Kant did not consider them sciences, but meta-disciplines that study a priori conditions of doing science. Indeed, both mathematics and philosophy permeate all empirical sciences to varying degrees, in fact to complementary degrees it seems. The more there is of mathematics in a field the less there is of philosophy (sadly).

Much is made about the difference with empirical sciences. However, if one believes in the Platonic realm and some means of accessing it directly (like Gödel did) then both mathematics and philosophy become "empirical" sciences of that. Husserl gave an account of ideal intuition that fulfills both conditions and is free of fantastic elements in Plato. So this distinction seems to rest on philosophical preferences.

One could also argue that proof standards in mathematics differ only in quantity rather than quality from soundness standards for theoretical arguments in empirical sciences. Another issue often brought up is experimental falsification. But from Kuhn we know that theories are not exactly falsified by individual experiments, they fall if they broadly fail. That isn't that different from mathematics and philosophy, although mathematical theories or philosophical systems are not "verified" or "falsified" fruitful ones are perpetuated (like Lebesgue measure theory or Kant's critical method), and unfruitful ones are abandoned and become historical curiosities (like classical invariant theory or Berkeley's solipsism). For mathematics the opposite sides are argued here and in the top answer to Is Mathematics considered a science? Argument about philosophy is mentioned here.

Not surprisingly, Husserl wanted philosophy to be a science, even a "rigorous" science. Ironically, it is analytic philosophy that comes closest to fulfilling his wish. However, even he distinguishes formal and empirical sciences (corresponding to his formal and regional ontologies), and places mathematics and philosophy with the former. On the other hand, most existensialists would have none of that. Even grouping mathematics with philosophy is controversial, in academia mathematics is usually put together with sciences, and philosophy with humanities. However, even some existentialists would probably claim that they study something more fundamental than "human culture" (Heidegger comes to mind).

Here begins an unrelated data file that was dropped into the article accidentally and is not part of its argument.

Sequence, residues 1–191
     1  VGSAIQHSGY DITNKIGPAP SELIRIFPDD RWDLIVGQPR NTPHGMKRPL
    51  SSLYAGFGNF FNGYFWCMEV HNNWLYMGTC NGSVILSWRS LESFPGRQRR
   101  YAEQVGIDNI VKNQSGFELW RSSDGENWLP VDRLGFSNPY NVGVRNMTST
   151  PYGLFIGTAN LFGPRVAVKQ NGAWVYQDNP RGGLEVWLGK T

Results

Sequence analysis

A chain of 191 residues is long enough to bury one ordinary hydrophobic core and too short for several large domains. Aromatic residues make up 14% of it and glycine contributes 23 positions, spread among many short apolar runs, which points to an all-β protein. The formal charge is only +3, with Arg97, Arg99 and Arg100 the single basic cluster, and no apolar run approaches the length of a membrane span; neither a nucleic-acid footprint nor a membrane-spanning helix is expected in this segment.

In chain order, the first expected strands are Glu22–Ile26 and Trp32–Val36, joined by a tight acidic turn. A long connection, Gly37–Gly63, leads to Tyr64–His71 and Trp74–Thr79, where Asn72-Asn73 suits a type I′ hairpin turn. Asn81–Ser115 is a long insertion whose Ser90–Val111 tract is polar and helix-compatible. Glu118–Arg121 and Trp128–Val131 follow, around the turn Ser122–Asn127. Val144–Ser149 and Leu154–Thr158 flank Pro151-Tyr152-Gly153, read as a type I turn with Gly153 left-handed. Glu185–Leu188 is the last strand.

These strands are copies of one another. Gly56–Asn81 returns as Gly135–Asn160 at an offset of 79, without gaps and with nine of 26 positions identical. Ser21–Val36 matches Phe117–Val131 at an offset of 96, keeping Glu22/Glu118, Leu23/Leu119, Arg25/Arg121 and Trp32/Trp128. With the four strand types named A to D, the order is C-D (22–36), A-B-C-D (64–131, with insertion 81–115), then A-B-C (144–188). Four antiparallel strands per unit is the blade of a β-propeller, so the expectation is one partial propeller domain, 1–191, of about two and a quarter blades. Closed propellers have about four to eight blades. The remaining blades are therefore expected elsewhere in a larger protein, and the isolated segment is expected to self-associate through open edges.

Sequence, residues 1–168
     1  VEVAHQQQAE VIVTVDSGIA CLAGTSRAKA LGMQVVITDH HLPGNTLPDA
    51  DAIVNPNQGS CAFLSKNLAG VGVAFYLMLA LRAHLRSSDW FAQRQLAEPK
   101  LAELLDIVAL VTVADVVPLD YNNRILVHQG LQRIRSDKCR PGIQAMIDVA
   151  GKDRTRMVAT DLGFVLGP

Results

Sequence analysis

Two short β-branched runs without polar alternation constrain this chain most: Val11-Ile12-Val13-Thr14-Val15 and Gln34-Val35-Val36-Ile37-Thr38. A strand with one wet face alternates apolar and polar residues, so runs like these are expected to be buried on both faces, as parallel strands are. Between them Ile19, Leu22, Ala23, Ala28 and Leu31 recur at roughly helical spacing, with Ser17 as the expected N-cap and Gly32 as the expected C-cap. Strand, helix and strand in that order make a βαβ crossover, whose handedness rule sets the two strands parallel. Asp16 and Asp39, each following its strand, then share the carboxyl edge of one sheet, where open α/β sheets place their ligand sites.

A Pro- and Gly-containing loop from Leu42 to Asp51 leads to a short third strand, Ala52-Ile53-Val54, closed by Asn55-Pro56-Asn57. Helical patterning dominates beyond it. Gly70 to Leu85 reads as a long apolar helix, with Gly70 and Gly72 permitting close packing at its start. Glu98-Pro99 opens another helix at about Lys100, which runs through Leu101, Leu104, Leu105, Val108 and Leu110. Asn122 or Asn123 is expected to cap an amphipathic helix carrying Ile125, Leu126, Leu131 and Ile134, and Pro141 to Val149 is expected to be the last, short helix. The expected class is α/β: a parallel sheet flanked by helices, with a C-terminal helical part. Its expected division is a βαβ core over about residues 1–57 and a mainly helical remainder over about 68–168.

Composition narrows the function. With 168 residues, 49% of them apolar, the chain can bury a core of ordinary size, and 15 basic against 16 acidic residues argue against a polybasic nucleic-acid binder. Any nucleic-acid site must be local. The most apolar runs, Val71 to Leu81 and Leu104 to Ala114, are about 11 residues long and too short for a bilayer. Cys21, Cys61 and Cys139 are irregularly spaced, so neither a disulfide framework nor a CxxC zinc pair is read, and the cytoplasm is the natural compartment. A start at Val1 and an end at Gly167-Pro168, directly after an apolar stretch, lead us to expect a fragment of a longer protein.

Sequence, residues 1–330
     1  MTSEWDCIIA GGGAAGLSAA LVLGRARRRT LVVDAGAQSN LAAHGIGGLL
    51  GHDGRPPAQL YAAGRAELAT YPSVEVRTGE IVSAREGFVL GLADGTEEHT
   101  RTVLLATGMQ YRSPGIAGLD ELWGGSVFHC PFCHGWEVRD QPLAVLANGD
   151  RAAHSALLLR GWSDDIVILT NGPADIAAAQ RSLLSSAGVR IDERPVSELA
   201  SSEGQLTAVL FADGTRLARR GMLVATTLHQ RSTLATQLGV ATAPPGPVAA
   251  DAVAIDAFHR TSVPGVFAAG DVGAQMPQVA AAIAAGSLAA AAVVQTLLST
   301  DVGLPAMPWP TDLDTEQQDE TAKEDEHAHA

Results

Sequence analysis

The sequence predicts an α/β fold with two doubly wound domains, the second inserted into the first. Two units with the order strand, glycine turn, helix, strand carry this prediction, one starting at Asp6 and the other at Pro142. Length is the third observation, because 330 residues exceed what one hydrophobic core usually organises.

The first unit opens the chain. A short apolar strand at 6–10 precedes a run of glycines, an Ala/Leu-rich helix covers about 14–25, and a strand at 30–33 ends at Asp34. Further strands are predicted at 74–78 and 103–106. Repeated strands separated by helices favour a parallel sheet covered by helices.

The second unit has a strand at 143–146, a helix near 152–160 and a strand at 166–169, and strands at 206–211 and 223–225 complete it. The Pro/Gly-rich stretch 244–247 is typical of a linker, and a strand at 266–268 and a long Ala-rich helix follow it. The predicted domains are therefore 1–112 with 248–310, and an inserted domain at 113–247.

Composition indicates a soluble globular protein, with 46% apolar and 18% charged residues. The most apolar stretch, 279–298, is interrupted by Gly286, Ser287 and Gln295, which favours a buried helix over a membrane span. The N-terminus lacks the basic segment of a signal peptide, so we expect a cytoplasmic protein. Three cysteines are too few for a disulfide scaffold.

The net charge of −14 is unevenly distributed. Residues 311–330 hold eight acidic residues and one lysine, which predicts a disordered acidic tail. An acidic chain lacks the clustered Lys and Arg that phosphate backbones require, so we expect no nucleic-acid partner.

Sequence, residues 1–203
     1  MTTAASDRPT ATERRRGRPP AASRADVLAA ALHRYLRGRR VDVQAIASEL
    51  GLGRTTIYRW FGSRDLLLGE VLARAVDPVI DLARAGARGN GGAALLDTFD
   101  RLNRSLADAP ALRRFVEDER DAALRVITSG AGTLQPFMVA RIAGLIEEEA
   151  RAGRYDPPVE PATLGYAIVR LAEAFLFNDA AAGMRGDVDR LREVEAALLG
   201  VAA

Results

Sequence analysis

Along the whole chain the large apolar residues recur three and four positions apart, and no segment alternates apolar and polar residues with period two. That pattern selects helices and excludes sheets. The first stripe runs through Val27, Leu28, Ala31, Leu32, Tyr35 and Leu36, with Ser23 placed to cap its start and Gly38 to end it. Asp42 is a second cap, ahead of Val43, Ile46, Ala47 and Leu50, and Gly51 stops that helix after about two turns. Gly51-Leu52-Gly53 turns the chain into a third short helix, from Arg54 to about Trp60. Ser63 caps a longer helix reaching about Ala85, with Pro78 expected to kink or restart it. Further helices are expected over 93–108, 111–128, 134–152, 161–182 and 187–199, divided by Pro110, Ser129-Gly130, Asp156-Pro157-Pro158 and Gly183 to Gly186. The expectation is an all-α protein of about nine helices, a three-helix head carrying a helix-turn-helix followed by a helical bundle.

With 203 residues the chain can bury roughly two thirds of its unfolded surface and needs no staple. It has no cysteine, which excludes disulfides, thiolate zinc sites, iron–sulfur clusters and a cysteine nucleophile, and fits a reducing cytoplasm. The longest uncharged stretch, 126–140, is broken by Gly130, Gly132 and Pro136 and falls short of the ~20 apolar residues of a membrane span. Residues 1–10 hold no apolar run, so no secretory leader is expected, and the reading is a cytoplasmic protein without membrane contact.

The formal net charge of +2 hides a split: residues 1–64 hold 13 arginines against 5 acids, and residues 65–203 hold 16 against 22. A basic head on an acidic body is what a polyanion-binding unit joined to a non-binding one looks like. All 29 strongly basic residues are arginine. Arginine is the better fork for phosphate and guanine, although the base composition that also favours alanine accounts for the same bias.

Is there something to the question that does not reduce to an argument about words? Accepting Husserl's formal/empirical terminology can the underlying common of "science" be identified without including "pseudo-sciences" (or should some of them be included)? And if mathematics and philosophy are (are not) sciences should they be (not be)? In case of the negative answer, how is the role of mathematics and philosophy similar/different to that of "sciences"?

  • Why doesn't this simply come down to what each individual defines as a science? In other words, how is this answer not going to just generate a vast range of opinion-based answers without any reference to academic philosophy? This is an interesting question, no doubt, but not really the type we've been seeking on this site (unless there's a new community push to change that). We are more looking for questions like "Did Kant think math/philosophy were sciences?" or even, "Which contemporary philosophers believe that math/philosophy are sciences?" – stoicfury Nov 11 '14 at 18:39
  • Math is a formal science. – user132181 Nov 11 '14 at 20:27
  • @stoicfury I am interested in what "function" mathematics and philosophy are supposed to perform epistemologically, and philosophical arguments for whatever position. Whether or not they fall under person's definition of "science" is irrelevant. – Conifold Nov 11 '14 at 21:26